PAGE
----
fixed (albeit with a few more parts than might otherwise have been needed),
I don't have the big overhead that an experienced man or expensive tester
costs me and I can explain hanging parts easier than I can explain a diagnostic
charge! Plus, at least the customer gets the benefit of a new part,
even if it doesn't fix the car! With diagnostic time there is no perceived
Greg commented in his article by stating:
"What's scary about this conversation is that this guy's day
job puts him in shops all over the region (absentee owner) and he
says that he's arrived at this conclusion by watching financially successful
shops operate. And he was dead serious about it. I've always
said that it was an unfortunate fact that a shop owner knows he can make
more money with a poor to mediocre technician than with a good tech. The
career path in this business is backwards if incompetence is rewarded and
competence is considered excess overhead. Imagine being middle aged,
with $100,000 invested in tools and equipment finding out that while you
thought you were becoming more and more marketable as you became more and
more capable, in fact you are becoming less and less marketable.
Instead of being considered an asset, you are seen as a liability.
In every other business, trade and profession in the world, as you gain
knowledge and experience you are considered more valuable with increased
I, like Greg, just don't agree with this shop owner's
philosophy. It's a shame that a shop owner can be financially successful
and have this view point. I agree that it's hard to explain to a customer
that you have to charge for the technician's time in testing components
on the car to find the problem. But, after all, the shop has to pay the
technician to test sensors, wiring and computers until the problem is found.
Should we ask the technician to diagnose and test the car for free? How
would he then put food on his table?
"Shotgunning" is automotive parlance for guessing
at a solution by installing part after part until the problem is found.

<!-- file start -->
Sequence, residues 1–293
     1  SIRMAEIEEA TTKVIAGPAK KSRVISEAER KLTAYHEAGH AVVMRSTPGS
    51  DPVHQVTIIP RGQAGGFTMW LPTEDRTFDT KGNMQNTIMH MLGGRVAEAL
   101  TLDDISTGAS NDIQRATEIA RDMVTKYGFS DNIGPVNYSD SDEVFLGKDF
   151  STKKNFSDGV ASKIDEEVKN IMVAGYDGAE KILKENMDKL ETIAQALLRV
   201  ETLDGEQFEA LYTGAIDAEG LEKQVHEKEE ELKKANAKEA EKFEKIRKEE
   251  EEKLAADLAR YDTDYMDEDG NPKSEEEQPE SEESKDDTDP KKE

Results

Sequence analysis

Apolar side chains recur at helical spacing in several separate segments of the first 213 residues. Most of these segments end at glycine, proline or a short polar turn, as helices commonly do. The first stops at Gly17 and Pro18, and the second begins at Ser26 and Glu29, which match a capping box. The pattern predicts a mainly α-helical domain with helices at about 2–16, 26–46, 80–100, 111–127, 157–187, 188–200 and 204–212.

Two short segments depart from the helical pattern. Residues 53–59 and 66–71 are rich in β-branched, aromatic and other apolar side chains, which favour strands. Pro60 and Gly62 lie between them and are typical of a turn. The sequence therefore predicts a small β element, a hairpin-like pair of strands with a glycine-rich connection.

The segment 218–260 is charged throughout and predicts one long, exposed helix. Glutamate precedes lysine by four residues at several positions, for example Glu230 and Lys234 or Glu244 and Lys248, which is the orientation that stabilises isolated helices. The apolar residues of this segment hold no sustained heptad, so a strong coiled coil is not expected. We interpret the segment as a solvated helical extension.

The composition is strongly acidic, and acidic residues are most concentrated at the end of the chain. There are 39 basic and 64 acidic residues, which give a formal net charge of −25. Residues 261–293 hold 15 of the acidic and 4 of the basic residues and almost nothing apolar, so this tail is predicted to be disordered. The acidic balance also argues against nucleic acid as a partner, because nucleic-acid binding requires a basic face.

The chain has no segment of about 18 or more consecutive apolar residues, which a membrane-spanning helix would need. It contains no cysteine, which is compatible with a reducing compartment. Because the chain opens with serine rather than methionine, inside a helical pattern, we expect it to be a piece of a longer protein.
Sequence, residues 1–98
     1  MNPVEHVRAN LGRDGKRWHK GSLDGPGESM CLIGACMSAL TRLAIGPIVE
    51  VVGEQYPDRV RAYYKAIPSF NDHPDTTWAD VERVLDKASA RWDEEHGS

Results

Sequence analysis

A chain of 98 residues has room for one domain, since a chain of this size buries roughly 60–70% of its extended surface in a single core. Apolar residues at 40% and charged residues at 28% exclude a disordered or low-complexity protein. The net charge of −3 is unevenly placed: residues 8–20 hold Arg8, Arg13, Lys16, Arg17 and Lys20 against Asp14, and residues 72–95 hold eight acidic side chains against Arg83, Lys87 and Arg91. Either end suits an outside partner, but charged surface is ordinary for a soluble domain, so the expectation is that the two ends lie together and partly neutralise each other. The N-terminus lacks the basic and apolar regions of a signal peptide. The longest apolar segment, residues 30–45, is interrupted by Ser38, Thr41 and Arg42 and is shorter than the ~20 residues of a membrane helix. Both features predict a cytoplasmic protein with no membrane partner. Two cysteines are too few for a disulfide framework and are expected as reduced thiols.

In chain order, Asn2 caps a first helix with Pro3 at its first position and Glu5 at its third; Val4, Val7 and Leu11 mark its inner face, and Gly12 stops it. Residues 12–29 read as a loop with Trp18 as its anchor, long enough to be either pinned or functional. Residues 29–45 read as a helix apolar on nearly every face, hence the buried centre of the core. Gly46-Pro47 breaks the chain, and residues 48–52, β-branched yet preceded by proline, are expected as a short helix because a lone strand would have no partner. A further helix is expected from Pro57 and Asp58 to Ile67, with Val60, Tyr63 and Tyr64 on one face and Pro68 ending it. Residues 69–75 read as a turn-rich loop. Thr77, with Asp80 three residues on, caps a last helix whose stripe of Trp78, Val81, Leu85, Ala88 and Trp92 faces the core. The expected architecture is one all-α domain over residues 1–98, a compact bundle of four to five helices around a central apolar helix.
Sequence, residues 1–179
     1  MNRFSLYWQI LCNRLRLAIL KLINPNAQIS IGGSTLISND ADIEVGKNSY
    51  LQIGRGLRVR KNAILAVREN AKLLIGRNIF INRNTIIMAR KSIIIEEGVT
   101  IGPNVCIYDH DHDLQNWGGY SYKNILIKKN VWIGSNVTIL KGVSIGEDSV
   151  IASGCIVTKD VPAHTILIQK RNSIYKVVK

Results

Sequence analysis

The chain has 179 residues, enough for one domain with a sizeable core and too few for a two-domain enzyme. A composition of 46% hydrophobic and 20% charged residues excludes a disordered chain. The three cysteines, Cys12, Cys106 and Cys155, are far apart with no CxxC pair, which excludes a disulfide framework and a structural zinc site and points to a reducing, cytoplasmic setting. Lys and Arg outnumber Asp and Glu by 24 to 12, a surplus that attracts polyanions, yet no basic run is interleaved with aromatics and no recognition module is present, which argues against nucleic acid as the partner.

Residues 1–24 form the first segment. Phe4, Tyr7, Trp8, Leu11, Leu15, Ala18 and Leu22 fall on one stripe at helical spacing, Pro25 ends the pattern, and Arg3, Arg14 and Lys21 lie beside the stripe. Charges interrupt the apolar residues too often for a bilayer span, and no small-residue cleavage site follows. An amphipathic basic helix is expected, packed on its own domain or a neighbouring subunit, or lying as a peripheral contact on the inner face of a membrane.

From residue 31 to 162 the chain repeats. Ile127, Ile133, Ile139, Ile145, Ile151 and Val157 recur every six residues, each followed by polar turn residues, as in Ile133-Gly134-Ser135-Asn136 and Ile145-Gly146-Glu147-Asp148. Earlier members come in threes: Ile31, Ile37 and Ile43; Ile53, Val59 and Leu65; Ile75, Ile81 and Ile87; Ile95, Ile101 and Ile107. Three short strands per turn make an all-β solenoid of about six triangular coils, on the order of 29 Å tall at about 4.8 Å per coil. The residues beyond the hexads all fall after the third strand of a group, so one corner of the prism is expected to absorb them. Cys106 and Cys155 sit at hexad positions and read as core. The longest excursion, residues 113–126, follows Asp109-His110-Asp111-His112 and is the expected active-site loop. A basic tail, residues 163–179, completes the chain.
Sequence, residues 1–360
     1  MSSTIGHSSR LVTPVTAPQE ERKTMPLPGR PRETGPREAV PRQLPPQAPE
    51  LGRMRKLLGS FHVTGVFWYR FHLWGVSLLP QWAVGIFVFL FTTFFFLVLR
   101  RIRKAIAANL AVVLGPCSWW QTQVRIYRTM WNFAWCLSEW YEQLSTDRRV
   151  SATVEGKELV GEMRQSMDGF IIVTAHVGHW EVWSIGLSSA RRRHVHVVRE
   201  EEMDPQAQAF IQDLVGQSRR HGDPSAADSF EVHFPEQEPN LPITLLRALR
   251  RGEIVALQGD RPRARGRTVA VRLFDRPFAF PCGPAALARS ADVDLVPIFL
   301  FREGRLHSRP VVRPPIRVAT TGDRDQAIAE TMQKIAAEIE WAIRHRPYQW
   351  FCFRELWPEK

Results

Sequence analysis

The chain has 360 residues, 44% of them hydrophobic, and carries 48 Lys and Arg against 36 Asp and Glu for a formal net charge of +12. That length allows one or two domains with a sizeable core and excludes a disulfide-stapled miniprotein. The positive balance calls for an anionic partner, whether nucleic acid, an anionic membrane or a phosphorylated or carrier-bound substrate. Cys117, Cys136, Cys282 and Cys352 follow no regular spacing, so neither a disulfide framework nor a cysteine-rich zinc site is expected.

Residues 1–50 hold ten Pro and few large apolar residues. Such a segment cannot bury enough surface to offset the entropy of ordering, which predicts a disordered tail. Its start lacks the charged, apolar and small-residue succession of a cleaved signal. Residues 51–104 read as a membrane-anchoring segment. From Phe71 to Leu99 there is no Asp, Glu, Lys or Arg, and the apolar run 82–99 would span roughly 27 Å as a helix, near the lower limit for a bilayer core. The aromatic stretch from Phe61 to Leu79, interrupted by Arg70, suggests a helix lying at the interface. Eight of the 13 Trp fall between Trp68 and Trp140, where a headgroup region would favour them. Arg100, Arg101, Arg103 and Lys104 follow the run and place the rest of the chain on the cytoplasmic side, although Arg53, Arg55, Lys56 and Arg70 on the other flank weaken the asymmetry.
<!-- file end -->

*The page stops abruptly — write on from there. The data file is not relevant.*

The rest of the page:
That's not professional work! How does this shop
owner explain that to the customer? Oh, Mr. Jones, we found your problem.
You needed a Mass Air Flow Sensor, an Oxygen Sensor, a Throttle Position
Sensor, a Coolant Temperature Sensor and a Computer. Would a doctor replace
a lung on a hunch in lieu of a strong battery of tests to prove its failure?
I think not. Maybe this shop owner is profiting because of all the extra
parts he is selling. If you ask me, it would be wiser and more economical
to test the circuit and find the problem at the cost of a few hours of
labor rather than replacing $500.00 worth of parts and then stumbling across
the real problem. We still are convinced that testing, not guessing, is
the correct avenue of proper automotive repair.
Time is hard to explain because it is something
that the customer cannot "feel" or "touch" The customer cannot see the
value of the time unless he actually watches the technician through the
whole process of testing and the use of all our specialized diagnostic
equipment. Consider the Technical Hotline service we use. We use this service
if we encounter a car with a very unusual problem. This service allows
us to discuss vehicle specific problems with some of the smartest automotive
repair people in the country. They receive calls from technicians like
us in every state and create a database of "fixes" based on the calls they
receive. The price of speaking with them has considerable value. Their
fee? $3.50 per minute. That's right, $210.00 per hour.
Perhaps there is a way to place value on a technician's
smarts and time. A good friend and long time customer, Harold Johnson,
recently shared a saying with me that is now hanging in my office: "Like
an attorney, a technician's time and advice are his stock in trade."
Our Customer's Poem Is Published!
Our customer, Dorothy Jacintho, recently had an original
poem published in "The Scenic Route," a treasury of poetry compiled by
the National Library of Poetry. The main subject is partnership with love.
Dorothy has been writing for ten years and her favorite subjects and ideas
are children's poems, prayers and music. Here is her poem:
You Believed In Me
What is this word that they call love
It is a feeling
It is a touch
I don't know how much
I only know I love you more, more than before
You made me feel like I belonged
How could I ever, ever go wrong
I'm in my world and you in yours
I don't know when we'll meet again
You're right beside me because you believed in me
They say that all good things must end
But I'll prove to the world they're wrong again